Adamsons Falls 19 Oct 2017
These falls are one tier below the actual Adamsons Falls, which are just visible in the top left corner.
I needed a trip to Adamsons Falls as a diversion after four days’ intensive hunting for my lost husband in the nearby Creekton Falls area. Under superlative police leadership, we had searched all places logical and illogical, rational and irrational, possible and impossible, and had drawn a blank. Now, I needed a workout to soothe my soul, to distract my emotions and cleanse me in a way that only a run or workout can do. Some people turn to drink when they need to calm down; others to drugs. I just need to go for a run or a fast walk – preferably in the wilderness. I announced my plan.
Actual Adamsons Falls.
Aidan, a friend and former student, wanted to come too. We used to train together, so I knew his general pace, and said ‘sure’. A policeman wanted to come, and I rudely warned him that I was not in the mood for loitering today. The others teased him a bit, but he said he was fine. Another person (whom I didn’t know) wanted to come, but I drew the line there: It seemed very impolite, but I really didn’t feel like taking on someone who might hold me up. And I wanted the group to be “cosy”, with only people who understood me and what I was going through at this time.
We arrived at the start, and off I set, happy to find myself alone after not too many minutes. Had there just been one person with me, I would have felt obliged to be courteous and wait, but the two guys had each other, so I could move quickly, dream and sing, lost in my own little world.
In thirty eight minutes, I reached Adamsons Falls, and could photograph away while waiting for the other two. I set up my tripod and shot and sang. Some people have their spiritual moments in a dark building made with human hands; I have mine in nature. This was a religious excursion as much as anything. When the guys arrived, they wanted to rest and eat a bit. I was soothed by now, having had my little lash out, so we chatted and ate and enjoyed these falls, which are very beautiful, even if they can’t match Creekton.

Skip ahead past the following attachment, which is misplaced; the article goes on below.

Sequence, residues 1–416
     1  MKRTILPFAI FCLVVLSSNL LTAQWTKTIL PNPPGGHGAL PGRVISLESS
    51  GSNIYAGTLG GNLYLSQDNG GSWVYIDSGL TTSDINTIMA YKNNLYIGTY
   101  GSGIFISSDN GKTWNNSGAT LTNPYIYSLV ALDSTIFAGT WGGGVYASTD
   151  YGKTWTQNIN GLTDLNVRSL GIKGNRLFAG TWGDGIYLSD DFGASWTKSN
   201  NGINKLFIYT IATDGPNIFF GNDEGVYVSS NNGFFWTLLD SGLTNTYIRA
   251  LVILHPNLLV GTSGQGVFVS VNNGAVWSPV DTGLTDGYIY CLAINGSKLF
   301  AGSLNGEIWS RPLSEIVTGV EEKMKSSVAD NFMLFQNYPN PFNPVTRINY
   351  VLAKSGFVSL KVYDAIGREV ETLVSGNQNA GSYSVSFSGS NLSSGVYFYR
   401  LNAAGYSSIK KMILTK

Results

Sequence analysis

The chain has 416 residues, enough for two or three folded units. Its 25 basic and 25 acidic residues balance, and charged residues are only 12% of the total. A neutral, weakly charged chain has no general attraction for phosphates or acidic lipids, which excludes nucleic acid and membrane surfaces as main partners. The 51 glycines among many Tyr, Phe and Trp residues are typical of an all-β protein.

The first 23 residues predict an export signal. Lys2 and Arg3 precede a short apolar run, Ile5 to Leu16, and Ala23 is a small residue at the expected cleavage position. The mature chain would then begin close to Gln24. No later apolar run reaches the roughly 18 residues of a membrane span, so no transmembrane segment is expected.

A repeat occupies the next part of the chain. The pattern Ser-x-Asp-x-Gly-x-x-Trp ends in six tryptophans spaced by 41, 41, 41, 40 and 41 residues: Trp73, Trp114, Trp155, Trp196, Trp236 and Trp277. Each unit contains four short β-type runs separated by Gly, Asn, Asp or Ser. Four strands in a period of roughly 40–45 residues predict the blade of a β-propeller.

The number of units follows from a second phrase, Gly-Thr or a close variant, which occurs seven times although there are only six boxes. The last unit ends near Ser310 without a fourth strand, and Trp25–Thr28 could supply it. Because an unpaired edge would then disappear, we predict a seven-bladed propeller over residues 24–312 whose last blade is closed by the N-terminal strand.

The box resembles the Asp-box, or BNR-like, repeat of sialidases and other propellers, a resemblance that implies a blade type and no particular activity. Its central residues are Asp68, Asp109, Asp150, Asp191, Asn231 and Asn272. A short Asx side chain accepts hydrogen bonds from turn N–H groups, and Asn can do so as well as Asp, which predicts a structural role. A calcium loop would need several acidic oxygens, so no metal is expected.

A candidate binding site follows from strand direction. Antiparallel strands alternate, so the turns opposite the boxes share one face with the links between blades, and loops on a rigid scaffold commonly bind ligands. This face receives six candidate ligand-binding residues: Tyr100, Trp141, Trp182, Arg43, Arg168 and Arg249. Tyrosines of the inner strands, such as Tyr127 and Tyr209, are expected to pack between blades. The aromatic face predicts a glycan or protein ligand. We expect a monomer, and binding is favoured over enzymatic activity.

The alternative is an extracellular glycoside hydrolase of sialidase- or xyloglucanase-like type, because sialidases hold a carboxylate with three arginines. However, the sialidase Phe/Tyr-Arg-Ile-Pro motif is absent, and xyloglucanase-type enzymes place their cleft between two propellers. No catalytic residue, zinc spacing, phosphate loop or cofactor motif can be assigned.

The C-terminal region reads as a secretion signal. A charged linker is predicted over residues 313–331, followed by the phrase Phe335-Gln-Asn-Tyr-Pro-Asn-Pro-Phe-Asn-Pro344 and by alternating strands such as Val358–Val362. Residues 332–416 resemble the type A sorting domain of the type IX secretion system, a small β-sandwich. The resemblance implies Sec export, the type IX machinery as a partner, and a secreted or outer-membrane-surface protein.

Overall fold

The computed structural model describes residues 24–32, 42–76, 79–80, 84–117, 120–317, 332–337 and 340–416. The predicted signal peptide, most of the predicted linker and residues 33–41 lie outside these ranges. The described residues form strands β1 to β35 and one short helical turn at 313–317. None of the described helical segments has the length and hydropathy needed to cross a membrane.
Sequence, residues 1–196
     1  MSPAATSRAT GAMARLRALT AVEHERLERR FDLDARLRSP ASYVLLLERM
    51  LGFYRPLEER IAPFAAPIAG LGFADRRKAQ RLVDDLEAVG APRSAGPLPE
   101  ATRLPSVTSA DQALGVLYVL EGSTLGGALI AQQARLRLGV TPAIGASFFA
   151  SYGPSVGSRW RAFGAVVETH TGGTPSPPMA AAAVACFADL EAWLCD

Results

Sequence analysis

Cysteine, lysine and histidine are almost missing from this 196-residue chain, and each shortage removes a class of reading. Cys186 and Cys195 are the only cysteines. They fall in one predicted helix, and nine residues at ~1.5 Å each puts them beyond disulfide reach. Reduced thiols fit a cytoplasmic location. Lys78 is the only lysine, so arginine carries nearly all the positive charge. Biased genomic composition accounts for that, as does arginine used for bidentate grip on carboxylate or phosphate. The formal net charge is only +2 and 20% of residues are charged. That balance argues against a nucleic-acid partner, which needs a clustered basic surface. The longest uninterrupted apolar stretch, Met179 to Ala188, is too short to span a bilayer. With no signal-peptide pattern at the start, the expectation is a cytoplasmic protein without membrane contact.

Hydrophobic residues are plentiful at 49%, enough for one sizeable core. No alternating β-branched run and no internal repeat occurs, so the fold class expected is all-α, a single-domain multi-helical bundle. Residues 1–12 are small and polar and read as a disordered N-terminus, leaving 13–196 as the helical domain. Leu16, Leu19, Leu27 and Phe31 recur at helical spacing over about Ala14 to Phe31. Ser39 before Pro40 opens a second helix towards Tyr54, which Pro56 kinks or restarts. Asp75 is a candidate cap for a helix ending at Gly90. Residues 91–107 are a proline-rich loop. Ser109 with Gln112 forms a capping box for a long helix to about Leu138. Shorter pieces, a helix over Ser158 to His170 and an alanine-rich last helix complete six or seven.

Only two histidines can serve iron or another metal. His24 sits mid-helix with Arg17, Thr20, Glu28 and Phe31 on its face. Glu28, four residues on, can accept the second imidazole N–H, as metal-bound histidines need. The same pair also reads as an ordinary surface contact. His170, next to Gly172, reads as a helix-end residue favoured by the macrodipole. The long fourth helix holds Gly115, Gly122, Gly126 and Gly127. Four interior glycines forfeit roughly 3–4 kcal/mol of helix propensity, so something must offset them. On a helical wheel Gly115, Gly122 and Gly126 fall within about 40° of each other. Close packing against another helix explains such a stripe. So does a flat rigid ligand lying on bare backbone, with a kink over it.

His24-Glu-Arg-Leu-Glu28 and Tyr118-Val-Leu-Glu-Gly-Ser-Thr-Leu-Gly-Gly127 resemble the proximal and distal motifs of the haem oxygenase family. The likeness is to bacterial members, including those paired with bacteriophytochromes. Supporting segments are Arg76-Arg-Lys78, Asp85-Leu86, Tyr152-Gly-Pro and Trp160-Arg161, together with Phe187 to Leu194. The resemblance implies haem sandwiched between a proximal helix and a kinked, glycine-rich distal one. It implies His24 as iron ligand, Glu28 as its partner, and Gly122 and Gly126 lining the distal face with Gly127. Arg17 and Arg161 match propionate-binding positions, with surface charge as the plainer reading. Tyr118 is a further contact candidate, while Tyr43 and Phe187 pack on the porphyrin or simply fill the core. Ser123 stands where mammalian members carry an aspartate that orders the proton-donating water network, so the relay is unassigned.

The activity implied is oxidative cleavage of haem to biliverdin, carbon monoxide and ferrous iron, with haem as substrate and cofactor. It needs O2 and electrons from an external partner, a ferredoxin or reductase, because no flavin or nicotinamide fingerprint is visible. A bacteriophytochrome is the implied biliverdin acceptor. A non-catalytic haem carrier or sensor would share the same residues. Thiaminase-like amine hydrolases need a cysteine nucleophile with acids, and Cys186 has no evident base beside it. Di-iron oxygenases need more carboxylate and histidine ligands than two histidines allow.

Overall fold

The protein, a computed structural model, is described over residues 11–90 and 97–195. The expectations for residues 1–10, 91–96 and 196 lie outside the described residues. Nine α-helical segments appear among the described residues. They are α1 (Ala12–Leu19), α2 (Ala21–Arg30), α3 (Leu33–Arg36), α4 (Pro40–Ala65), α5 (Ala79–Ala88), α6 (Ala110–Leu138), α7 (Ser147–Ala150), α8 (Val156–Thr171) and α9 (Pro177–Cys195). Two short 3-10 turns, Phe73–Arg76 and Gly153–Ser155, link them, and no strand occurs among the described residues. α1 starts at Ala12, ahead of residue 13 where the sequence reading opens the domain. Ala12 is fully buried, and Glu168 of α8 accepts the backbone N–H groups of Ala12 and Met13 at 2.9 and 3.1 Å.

The next section was fun: a pink taped route through beautiful forest, with enough obstacles to make it interesting and turn it away from being a march. I have heard other photographers describe this as rough and difficult. Listen to them and not to me. I’m a bushwalker, used to bushbashing, so this was easy for me. The three of us stayed together in this ‘third’, chatting away while we went, keeping an eye out for any signs of my husband while doing so. This took us fifty five minutes.
Back at the Creekton Rivulet, below Creekton Falls.
Now we had reached the Creekton Falls, which the other two hadn’t yet seen, so I sent them up to look at the main falls while I photographed a cascade nearer to the junction that I hadn’t shot on day one. Once more, we had fun talking and eating before setting out on the final downhill stretch leading back to the cars. This part took fifty two minutes. The other two dropped behind me, so once more I enjoyed myself having a faster walk with singing. I felt refreshed from having been allowed to move this day. My daughters climbed Admasons Peak, scanning higher territory just in case Bruce had somehow climbed up there. On the way down, they had to come to terms with the fact that this was it, the final day of our hunt, and, if they got back to be told there was no luck again on this day, then the search was officially over.
The next day, day six, was not a search day. We sombrely walked to the lake (which we later learned – courtesy of Rafael’s drone – is a heart-shaped lake!!) and had a little farewell service there before dispersing. I cannot think of myself as a widow or Bruce as dead. Legally, he’s not. He has disappeared. Intellectual knowledge and emotional knowledge do not always align. Reality will catch up with me one day.
Here is a beautiful poem that a friend, Fiona Wills, wrote about this place and event:
A man may choose his resting place,
If he is good and thought of well,
If worthy words leave kindly trace
And of his wisdom others tell.
Our man sought out a heart-shaped lake,
He meant the rugged paths to tame.
Let us recall it for his sake
And think as fondly of Strathblane.
We needn’t miss what yet remains;
The man, his deeds are here.
He’ll give us cause to smile again.
Our troubled minds will clear.
The absence felt is this, not more:
We wait as he enjoys awhile
The forest air filling his core,
Soft earth at end of weary miles.
Curse not the cloaking wilderness
But stop and rest and see
The peace and worth in places
That brought joy to such as he.
A man may choose his resting place,
If he is good and Nature kind,
And seek himself a quiet space
Where pleasant memories come to mind.